Amongst the holdings of the Laing Art Gallery is a watercolour simply entitled Church and House in Landscape by William Beilby. To connoisseurs of eighteenth century art William Beilby’s name is associated primarily with the fine, enamelled glass for which the Beilby family was renowned. Born in Durham in 1740, the son of a silversmith, William Beilby served an apprenticeship to an enameller in Birmingham, before joining his brother Ralph in Newcastle upon Tyne in 1760, where together with their sister Mary, they produced high quality enamelled glassware. Examples of their work can be seen today in the Laing Gallery, the Victoria and Albert Museum, the Fitzwilliam Museum, Cambridge and other leading collections.
William Beilby’s talents, however, were not confined to enamelling on glass; he was also a skilled watercolourist, and in 1767 he advertised as a drawing master, whilst continuing to produce glassware decorated with heraldic motifs for his aristocratic patrons. A decade later, he left Newcastle for Battersea and set himself up as a drawing master there. His departure from Newcastle may have been prompted by the death of his mother and by the entry of Thomas Bewick, his brother’s apprentice, into partnership in the family firm. We can trace Beilby’s arrival in Battersea through his appearances at meetings of the parish vestry and in the lists of those qualified for jury service, in which he is variously described as gentleman or schoolmaster. He made his first appearance in these lists in 1780 and his last in 1788. During his sojourn in Battersea he married Ellen Turton, the niece of a wealthy City merchant. The couple subsequently moved to Scotland, before settling finally in Hull.
The watercolours produced by Beilby provide us with a detailed visual record of the areas in which he lived and worked in the latter part of the eighteenth century. Amongst these are topographical views of Northumberland, views of Newcastle upon Tyne and scenes from Battersea and its environs. Church and House in Landscape is of unknown date and depicts a church with an apsidal east end and Perpendicular gothic east window, with a tower at the west end surmounted by a spire topped by a weather vane. To the right of the church lies a substantial dwelling house with a number of chimney stacks breaking the roofline. The spire of the church draws the eye in and forms the focus of the picture.
Another water colour by William Beilby, also in the Laing collection, is entitled A view in the Lane near Battersea Fields. It shows a cart and two figures passing down a rural lane in front of a church, the tower of which is surmounted by a spire. At the top of the spire is a weather vane and beyond the trees to the left of the tower are the chimney stacks of a dwelling. The tower has a single, round-headed opening on each façade and its corners are surmounted by slim urns. The spire rises above from two octagonal storeys, the lower one showing a clock on each of its principal faces. If we turn again to the unidentified Church and House in Landscape, we see the same urns surmounting the tower, and the same two octagonal storeys, with the clock faces on the lower one and the spire rising above.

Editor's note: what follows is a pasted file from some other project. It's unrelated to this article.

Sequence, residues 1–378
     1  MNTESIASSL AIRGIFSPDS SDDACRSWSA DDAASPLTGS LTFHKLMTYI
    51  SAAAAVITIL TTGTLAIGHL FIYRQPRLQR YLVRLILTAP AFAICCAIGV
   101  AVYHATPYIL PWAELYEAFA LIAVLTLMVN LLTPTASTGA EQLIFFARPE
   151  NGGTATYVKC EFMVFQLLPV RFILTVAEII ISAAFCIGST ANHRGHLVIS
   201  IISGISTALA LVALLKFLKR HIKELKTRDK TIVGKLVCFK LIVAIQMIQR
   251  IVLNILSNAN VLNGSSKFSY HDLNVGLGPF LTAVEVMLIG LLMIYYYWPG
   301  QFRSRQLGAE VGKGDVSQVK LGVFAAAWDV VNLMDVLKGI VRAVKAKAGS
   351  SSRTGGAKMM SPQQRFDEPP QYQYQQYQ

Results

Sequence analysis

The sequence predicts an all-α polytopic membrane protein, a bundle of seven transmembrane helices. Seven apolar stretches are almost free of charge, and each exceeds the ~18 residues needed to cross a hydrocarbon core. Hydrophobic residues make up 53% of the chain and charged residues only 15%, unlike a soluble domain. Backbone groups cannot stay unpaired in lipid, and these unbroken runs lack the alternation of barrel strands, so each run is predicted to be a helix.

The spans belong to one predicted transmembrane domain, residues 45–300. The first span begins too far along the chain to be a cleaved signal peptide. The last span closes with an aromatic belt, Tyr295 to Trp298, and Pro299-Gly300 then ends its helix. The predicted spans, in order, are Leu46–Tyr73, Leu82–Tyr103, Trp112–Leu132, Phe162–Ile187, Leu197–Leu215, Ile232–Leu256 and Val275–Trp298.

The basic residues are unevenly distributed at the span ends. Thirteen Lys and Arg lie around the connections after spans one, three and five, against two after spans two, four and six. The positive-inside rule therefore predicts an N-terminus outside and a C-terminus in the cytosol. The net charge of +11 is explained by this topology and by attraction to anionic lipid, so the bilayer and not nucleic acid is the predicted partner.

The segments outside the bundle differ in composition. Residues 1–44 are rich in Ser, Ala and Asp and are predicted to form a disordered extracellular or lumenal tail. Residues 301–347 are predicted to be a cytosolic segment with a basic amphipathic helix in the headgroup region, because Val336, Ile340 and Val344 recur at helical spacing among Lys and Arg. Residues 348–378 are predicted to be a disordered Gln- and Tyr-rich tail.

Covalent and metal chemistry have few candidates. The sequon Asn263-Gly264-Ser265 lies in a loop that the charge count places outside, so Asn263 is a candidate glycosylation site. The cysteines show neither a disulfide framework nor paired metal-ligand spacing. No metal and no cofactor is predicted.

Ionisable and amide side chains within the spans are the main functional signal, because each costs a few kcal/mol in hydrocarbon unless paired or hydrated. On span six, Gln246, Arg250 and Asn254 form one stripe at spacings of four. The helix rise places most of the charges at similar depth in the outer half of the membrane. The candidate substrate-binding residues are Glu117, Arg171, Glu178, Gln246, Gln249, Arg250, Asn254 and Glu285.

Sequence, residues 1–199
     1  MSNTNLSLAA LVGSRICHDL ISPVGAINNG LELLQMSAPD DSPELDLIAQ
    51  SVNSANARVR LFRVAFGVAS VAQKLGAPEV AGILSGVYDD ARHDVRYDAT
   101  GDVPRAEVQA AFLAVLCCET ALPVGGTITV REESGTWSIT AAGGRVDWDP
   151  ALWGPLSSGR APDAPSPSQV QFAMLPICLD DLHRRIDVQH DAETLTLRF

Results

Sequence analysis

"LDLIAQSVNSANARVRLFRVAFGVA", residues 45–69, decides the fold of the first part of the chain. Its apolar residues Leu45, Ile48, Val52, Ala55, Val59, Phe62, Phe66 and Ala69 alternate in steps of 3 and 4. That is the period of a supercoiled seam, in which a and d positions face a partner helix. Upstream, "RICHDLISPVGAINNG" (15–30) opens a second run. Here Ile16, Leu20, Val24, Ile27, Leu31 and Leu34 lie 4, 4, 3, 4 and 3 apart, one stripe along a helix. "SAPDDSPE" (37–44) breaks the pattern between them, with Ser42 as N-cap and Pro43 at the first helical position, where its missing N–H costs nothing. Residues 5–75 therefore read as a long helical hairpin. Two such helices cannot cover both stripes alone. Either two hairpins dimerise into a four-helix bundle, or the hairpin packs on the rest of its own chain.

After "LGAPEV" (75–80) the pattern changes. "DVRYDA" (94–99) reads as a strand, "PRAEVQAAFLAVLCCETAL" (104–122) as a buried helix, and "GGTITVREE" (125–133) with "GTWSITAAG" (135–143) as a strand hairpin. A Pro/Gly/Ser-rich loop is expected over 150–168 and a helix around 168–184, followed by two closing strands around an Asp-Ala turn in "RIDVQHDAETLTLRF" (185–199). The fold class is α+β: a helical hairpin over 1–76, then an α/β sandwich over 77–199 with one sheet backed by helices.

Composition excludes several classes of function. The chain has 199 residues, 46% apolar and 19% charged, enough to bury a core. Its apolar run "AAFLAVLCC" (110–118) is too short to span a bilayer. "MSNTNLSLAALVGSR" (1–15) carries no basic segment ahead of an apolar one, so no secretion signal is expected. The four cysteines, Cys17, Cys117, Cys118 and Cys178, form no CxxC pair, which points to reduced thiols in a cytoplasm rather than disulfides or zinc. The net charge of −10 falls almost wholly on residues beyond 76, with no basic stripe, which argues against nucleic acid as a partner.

Today the eastern aspect of St. Mary’s, Battersea presents an apsidal east end with a Perpendicular gothic window. Either side of this gothic window is a small round window, with a third one above the main east window. When the church of St. Mary’s was rebuilt in the 1770s, it was decided that the fenestration of the window installed by Henry Yevele in the late fourteenth century should be retained in order to accommodate the St John glass dating from the 1630s. The newly rebuilt church at Battersea came into use in 1777 just before Beilby arrived in the village. The arrangement of the window tracery to which the vestry and its architect, Joseph Dixon, paid such attention, together with the three small round windows, can be clearly seen in Beilby’s painting of the unidentified church. In his painting, to the right of the apse we can observe a round headed doorway, and its matching pair can just be discerned on the left behind the pillar of the entrance gate. Dixon’s original plans allowed for entrances to the aisles in this position. These were abandoned around 1791, and the faint outline of the blocked doorways can be detected on the outer wall of the present church.
Nowadays St. Mary’s church is bounded to the north-east by Richard Rogers Partnership’s Montevetro development. At the time that Beilby resided in Battersea this was the site of the manor house, by all accounts a fairly plain building, leased by the St John family to tenants. The descriptions that we have of the manor house would seem to accord with the building, set in a rural landscape, depicted in the right hand side of Beilby’s painting.
The consistency of the architectural detail between the buildings shown in A view in the Lane near Battersea Fields and Church and House in Landscape is remarkable. Unlike many contemporary artists Beilby seems to have recorded precisely what he observed in his neighbourhood. When we compare his painting of the un-named church with St. Mary’s, Battersea as it stands today, and with what is known of its building history from archival records, there can be little doubt as to the location of Beilby’s unidentified church.
His period of residence in Battersea coincided with the early years of the newly rebuilt church, a source of pride to the vestry of which he was an active member. St. Mary’s formed a major landmark from the river, and would have presented obvious subject matter to an artist. Church and House in Landscape can surely be identified as the church of St. Mary’s, Battersea and the house next to it as Battersea Manor.